Another example can be seen in marriage. While divorce is never a pleasant experience for anyone of any faith or persuasion, think of the added pressure for Mormons where an eternal family is being dissolved.   Even a break up with a boyfriend or girlfriend can be all the more devastating because for at least a moment the individuals involved could see them as part of an eternal union.  When things don’t work out its brutal because of the potential.  Of course, when they do the eternal covenants make things all the more sweet and happy but there is that darker, more morose flip side to our beliefs.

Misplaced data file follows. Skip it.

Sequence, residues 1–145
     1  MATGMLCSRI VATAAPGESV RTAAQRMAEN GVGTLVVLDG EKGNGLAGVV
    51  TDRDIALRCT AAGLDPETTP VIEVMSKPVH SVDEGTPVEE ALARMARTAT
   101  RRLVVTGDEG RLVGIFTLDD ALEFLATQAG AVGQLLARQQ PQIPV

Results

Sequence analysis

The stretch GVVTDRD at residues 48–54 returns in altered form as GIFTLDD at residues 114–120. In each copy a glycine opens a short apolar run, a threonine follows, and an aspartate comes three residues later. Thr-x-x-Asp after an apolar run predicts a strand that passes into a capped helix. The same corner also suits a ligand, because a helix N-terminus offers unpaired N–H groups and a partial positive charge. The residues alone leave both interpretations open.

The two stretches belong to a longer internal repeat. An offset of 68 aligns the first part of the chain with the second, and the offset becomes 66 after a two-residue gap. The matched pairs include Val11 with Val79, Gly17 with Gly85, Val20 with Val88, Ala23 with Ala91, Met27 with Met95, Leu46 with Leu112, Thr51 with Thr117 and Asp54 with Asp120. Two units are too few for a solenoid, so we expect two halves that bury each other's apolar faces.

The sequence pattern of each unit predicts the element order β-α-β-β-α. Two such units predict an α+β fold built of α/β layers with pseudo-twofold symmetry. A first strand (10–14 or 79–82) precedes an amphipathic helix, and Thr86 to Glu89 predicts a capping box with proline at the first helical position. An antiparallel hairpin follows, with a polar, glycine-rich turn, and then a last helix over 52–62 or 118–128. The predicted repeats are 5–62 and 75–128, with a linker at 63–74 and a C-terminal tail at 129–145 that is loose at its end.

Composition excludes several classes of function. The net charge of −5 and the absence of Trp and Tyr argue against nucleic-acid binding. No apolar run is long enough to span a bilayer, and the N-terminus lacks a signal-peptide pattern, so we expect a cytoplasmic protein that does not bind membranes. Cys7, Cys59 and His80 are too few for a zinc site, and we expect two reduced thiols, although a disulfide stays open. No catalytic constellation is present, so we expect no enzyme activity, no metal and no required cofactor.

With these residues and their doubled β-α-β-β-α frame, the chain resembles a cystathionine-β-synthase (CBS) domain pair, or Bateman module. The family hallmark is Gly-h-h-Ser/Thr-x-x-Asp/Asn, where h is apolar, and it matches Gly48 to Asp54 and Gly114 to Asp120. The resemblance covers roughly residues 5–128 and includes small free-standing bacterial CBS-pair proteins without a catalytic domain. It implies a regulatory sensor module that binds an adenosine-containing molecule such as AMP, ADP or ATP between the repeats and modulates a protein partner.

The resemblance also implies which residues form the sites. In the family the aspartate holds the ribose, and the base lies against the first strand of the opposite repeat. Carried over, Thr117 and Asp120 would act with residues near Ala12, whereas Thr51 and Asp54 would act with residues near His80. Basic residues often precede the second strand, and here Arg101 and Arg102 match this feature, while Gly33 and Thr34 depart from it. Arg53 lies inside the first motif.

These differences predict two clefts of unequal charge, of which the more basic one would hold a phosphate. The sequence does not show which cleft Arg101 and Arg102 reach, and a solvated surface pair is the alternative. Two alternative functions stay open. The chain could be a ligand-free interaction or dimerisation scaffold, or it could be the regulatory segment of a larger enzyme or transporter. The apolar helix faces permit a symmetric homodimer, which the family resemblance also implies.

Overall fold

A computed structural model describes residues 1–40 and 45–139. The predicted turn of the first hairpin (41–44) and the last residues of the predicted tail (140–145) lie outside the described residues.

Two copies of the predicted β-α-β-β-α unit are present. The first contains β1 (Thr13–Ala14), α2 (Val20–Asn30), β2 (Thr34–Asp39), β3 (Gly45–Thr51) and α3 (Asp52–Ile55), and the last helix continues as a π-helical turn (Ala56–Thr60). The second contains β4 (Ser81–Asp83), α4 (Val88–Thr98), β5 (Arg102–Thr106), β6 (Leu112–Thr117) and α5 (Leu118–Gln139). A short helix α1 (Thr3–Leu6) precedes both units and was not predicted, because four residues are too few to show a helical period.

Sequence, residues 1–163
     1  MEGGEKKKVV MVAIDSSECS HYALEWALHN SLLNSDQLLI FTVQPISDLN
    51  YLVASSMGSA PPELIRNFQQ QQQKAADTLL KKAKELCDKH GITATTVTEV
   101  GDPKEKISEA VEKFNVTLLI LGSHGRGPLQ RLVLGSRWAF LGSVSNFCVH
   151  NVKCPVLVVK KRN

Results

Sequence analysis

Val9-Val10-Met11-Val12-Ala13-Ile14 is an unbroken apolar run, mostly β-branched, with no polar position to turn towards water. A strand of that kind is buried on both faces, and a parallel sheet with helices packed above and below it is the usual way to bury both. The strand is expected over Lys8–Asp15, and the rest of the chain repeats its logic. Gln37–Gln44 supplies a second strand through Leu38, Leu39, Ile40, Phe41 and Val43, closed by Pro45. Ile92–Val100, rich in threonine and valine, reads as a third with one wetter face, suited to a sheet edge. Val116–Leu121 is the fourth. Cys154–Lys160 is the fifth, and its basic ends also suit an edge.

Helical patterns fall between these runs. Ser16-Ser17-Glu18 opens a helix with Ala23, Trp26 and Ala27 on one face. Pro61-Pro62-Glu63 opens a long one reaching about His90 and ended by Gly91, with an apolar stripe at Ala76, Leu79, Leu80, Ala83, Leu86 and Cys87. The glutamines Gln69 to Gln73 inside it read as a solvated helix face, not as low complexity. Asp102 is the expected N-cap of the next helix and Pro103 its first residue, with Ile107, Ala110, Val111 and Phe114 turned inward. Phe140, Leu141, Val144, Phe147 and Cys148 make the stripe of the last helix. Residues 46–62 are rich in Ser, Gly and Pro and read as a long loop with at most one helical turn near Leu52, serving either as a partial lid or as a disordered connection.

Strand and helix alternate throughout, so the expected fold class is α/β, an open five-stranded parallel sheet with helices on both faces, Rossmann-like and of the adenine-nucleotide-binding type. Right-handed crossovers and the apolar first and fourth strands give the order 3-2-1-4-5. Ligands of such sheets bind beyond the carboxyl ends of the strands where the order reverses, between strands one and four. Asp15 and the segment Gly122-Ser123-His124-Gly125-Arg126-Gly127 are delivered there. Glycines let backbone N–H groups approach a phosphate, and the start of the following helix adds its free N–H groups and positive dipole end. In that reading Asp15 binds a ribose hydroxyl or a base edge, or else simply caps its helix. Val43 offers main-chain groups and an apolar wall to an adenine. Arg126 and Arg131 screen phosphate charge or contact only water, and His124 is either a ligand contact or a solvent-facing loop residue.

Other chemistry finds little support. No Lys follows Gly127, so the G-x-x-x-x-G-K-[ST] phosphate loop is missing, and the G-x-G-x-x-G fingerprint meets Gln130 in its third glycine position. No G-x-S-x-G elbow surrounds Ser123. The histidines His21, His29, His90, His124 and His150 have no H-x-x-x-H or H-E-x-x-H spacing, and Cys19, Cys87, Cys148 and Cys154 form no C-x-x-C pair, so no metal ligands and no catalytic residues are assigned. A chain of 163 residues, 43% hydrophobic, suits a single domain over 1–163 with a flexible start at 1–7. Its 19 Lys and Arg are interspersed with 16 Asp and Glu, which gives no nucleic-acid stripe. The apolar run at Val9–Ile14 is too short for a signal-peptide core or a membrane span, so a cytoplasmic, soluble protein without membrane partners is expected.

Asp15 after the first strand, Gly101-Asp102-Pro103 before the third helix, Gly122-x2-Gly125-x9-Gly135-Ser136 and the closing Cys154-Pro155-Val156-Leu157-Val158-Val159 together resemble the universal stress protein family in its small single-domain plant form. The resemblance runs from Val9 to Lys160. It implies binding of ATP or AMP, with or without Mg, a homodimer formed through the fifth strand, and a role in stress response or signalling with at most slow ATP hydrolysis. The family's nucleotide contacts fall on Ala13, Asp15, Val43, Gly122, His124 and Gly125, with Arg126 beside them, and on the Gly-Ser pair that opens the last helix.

So, when you scratch your head and wonder ‘Why are they making such a big deal over this?’  Remember that for Mormons we are seeing things through a longer and larger telescope than you.  To us, we can see eternity and have it as our goal.  There is nothing more important to a Mormon than eternal families but that is not a guarantee.  Human action does affect whether we will be with our loved one’s again.  The song after all says ‘families can be together forever through Heavenly Father’s plan’. Pain and trials are an essential part of getting there but still more weighty than just a ‘hard time that will pass by’ especially when they are the result of sins, whether our own or sins of others that can, even if repented and forgiven, have eternal ramifications.